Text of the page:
My thoughts on Language Model

Judging how good the predictive text on my mobile phone keyboard is, I suspect that a lot must have been done about predictive text. Watching the lectures in week 1, I was just thinking of ways to add rules to RNN.

Has anyone done this? Maybe it might be in subsequent lectures.

I am thinking of structuring a corpus dictionary into a dataframe of the 8 parts of speech (noun, verb, adjective, etc.) and the ninth column for phrases and idioms, such that a predictive text algorithm can predict phrases together, instead of word by word. And also thinking of a way to teach the algorithm the language sentence structure. (something like “subject - verb - predicate”) because this is how humans learn languages.

If you are a researcher at a University reading this or working on NLP, publishing a paper, etc. Please, I would love to join you.

If you know of something similar somewhere else or later in the course, Please, I would love to know about it.

Thank you.

Hey @Chuck,

Nice out-of-box thinking. I am not sure as to whether something like this has been done already or not, but feel free to skim through some of the Google Scholar’s top results that you find by searching for your idea. I am sure you will get at least something regarding to this, that might help you to further hone your intuition and advance your understanding.

Although the Course doesn’t discuss anything along your line of thoughts, but the Course does delve a lot more deeper in the sequence models as you progress through the course. So, I hope you enjoy those concepts :nerd_face:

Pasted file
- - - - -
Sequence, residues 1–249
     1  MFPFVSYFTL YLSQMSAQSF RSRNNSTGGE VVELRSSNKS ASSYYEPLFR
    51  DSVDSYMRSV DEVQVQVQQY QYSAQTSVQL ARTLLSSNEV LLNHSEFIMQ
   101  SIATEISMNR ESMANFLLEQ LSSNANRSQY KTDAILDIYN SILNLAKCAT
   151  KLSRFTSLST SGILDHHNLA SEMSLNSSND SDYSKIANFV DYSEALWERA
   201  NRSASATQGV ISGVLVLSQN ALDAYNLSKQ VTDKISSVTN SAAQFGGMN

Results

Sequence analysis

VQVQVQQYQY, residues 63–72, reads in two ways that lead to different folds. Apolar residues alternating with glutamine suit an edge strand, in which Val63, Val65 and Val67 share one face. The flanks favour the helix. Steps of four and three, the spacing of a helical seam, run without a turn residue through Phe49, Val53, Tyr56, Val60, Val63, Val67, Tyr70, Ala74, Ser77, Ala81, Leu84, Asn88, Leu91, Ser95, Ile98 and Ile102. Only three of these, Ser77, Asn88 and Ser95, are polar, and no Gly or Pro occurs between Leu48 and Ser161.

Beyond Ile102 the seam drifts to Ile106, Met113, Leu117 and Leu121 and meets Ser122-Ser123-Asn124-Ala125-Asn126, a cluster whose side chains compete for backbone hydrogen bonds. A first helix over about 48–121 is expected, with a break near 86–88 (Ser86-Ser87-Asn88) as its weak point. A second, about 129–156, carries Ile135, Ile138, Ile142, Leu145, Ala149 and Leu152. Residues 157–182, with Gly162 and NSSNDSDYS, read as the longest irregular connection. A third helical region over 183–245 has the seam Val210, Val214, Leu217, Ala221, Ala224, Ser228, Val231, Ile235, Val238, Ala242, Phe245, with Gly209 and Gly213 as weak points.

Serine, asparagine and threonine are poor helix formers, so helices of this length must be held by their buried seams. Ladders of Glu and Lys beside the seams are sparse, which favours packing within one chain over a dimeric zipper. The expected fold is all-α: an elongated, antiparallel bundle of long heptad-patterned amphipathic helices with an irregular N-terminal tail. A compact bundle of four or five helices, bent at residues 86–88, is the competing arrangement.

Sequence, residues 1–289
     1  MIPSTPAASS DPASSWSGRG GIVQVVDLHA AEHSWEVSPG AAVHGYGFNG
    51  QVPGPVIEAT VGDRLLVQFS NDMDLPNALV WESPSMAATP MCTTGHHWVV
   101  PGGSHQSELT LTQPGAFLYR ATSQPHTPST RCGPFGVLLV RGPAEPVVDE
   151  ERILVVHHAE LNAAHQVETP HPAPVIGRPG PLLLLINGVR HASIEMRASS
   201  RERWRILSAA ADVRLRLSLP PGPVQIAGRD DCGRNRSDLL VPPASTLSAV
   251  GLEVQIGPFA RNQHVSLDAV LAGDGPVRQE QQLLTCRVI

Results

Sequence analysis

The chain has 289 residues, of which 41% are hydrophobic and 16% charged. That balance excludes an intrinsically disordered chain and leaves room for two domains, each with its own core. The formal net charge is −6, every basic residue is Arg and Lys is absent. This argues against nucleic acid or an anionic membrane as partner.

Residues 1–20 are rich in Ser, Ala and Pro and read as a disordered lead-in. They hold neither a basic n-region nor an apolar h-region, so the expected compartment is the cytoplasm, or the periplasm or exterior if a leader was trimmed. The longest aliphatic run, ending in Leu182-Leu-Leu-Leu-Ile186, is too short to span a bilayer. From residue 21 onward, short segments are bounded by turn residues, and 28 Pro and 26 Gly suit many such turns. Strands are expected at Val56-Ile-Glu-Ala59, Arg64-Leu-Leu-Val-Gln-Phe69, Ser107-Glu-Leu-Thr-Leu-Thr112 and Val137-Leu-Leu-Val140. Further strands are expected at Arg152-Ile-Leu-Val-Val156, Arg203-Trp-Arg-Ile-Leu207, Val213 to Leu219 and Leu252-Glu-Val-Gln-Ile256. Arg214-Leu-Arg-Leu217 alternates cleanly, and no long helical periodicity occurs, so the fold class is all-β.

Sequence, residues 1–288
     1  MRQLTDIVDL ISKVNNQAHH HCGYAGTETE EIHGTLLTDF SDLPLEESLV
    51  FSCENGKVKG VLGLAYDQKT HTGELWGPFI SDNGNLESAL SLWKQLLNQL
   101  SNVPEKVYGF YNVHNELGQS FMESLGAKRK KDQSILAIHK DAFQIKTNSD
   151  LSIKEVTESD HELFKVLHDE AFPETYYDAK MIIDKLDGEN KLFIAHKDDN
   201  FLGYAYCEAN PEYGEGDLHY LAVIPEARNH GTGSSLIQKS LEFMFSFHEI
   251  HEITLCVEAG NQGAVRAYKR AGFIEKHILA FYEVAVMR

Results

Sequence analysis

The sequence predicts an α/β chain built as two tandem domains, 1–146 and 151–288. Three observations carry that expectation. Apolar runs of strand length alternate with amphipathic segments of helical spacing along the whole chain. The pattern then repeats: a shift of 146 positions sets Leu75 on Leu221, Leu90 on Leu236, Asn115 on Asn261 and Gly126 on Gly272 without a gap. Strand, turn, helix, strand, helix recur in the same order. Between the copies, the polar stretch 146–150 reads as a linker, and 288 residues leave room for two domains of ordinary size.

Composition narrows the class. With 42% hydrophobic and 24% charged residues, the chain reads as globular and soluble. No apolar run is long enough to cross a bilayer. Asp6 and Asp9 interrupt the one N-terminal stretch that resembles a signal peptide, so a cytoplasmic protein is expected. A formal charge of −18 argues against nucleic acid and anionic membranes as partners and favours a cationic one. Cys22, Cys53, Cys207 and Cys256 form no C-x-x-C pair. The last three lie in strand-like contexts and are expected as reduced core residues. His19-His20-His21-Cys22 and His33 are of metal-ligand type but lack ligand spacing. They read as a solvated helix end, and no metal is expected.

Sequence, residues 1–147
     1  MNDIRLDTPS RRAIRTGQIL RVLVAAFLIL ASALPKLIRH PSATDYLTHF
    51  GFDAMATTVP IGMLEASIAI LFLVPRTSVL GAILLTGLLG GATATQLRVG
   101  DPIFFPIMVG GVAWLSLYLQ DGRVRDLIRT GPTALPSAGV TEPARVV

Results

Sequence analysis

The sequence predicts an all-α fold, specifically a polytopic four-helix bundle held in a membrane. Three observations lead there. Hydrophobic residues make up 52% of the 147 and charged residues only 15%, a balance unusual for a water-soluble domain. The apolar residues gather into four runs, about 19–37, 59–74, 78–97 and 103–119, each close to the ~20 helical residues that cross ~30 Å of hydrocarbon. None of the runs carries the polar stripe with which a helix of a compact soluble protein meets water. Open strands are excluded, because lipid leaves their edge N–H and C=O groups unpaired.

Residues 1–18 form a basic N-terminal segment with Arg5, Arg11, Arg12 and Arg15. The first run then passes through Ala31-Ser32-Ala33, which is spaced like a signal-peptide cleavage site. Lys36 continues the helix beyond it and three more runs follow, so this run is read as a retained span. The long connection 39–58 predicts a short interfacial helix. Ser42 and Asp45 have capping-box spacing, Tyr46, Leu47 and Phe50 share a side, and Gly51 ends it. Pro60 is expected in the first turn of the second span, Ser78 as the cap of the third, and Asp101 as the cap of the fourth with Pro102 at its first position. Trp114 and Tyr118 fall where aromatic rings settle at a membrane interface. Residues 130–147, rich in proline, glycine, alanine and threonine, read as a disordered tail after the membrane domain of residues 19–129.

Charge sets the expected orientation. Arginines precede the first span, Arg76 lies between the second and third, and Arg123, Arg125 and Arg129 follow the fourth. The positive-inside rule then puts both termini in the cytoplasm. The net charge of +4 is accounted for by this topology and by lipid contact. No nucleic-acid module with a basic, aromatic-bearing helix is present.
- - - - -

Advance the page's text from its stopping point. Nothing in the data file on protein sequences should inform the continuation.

I just got to the topic called “word embeddings” so I had to come back to this post I made in August. Word embedding was exactly what I had in mind. I did not know it was already implemented and had the name “word embedding”.

I feel good preconceiving this idea. If I listen and carry out all my wild thoughts while taking this course, I might come out with something really novel. But I am not alone, these researchers are already doing the unthinkable.

Hey @Chuck,
It’s really nice to see that you are connecting your ideas with those that have been discussed in the course. I would like to highlight one difference here between what you proposed and the concept of “word embeddings”.

As per my understanding, you want the representation of different parts of speech in different ways (such as for phrases and idioms), but “word embedding” doesn’t distinguish like that. It learns a similar form of representation for every part of speech, for instance, be it a verb, an adjective or an adverb, word embedding may encode every word in the form of a 300-dimensional vector representation.

However, the follow is where your idea aligns with the idea of “word embeddings”. Both of them learn these representations with the help of some context. Now, in your case, the context is clearly interpretable by humans, like verbs, adjective, adverbs, and other grammatical structures and rules. And in the case of word embeddings, the context may be more abstract, but yes, it takes into account the nearby words, and since in any language for instance English, the rules of grammar are almost consistent, hence, the level of abstraction reduces more and more.

I hope this helps.


1 Like